Europe is blessed with myriad iconic historic sites, from the Parthenon in Athens to the leaning tower of Pisa, all instantly recognisable even to people who have never been there. But perhaps because they are so well known and so frequently photographed we tend to take them for granted. However, the US-born Greek artist Philip Tsiaras has deconstructed these and other landmark images by adding extraneous elements, such as stones or brightly coloured confetti, so that we are forced to review what we see with a fresh eye. His prints and photographs are on display until the end of this month at the 12 Star Gallery at Europe House in Westminster until the end of the month in an exhibition, “European Treasures”, opened last night in the presence of the artist and the Greek Ambassador. As Greece has just taken over the six-month rotating presidency of the European Union it was a fitting way of kicking off the gallery’s year. Philip Tsiaras is prolific and works in a variety of media, exhibiting and travelling widely out of his bases in New York and London. He told me at the vernissage that he loves the buzz of London and surprised me by praising the UK government’s decision to impose a £50,000 annual levy on wealthy foreign residents, on the grounds that then they are left alone, whereas in the US the taxman is always digging around trying to find out how much income and wealth the person really has so as to rake in more.
Posts Tagged ‘Greece’
Posted by jonathanfryer on Wednesday, 15th January, 2014
Posted by jonathanfryer on Monday, 17th December, 2012
Ireland is scheduled to take over the six-month rotating presidency of the European Union on 1 January, followed by Lithuania in July 2013 and Greece in January 2014. Whilst the third, in particular, might raise some eye-brows in fact all three governments in Dublin, Vilnius and Athens are well advanced in their plans and priorities. Here’s what the European Movement has to say about it in its latest Euro-briefing:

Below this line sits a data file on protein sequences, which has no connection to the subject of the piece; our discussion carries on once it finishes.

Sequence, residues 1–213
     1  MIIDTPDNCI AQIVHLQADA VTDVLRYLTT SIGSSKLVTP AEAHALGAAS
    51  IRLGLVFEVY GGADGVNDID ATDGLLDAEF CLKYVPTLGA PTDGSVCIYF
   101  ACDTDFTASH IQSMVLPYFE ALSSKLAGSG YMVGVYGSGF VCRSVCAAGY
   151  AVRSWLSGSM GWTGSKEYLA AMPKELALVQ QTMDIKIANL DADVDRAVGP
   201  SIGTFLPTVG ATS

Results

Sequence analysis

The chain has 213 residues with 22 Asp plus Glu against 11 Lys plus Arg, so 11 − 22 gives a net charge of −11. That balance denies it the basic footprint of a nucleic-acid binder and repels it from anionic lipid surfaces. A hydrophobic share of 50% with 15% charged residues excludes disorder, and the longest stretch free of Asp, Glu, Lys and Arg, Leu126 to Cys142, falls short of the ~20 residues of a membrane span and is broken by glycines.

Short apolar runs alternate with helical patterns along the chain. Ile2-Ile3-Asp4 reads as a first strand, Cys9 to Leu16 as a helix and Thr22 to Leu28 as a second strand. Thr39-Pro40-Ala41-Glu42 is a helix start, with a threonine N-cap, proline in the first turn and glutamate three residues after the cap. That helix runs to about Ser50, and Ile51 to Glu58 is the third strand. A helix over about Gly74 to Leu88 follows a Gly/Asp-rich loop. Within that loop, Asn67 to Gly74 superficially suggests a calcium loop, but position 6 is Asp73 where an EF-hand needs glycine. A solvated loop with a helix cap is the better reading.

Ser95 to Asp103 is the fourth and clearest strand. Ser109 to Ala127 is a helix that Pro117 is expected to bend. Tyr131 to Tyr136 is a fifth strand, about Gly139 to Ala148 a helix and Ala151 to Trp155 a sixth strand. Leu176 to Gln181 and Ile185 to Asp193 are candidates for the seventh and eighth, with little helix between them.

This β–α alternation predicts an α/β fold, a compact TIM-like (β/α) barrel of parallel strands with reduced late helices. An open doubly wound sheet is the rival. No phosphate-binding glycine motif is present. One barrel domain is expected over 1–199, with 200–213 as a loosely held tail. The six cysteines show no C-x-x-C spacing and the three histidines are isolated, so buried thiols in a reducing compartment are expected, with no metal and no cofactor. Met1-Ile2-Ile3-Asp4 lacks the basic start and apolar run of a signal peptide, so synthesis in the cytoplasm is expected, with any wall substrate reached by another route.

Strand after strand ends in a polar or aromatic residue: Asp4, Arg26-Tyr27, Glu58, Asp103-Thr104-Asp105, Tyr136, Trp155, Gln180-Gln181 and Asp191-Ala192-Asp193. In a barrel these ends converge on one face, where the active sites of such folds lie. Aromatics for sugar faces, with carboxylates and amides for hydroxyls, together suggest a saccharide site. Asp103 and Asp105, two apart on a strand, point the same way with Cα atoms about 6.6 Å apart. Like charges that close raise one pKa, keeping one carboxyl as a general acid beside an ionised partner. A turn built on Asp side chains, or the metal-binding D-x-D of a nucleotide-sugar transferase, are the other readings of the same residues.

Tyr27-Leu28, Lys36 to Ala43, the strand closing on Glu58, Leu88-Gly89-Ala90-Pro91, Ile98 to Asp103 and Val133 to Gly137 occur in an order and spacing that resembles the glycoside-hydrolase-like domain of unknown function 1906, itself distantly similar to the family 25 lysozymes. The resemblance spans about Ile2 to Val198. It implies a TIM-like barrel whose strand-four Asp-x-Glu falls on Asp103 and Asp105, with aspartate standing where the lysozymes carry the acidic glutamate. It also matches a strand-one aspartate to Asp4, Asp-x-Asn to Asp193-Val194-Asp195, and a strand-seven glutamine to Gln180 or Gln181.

Last week the next 3 Presidencies of the Council of Ministers, the so-called ‘Trio’ of Ireland, Lithuania and Greece, presented in Brussels their work programme. In the next 18 months the main priorities of the Council are to further restore the economic stability across the EU and to build strong foundations for sustainable jobs and for long lasting economic growth. The Irish Presidency, which will take over the helm on 1 January 2013, will focus on issues related to the Digital Agenda, the EU’s Single Market, multi and bilateral trade agreements (such as EU-US Trade Agreement) and the Banking Union. The new Presidency will be working closely together with the European Council and the Commission in order to set up long-term plans and operational programmes. Due to the financial, economic and sovereign debt challenges of the past three years, the EU has been working on creating the conditions for economic recovery and to re-launch growth and investment. Support for job creation and social cohesion, with special emphasis on youth unemployment, will be the focus of the forthcoming Presidencies.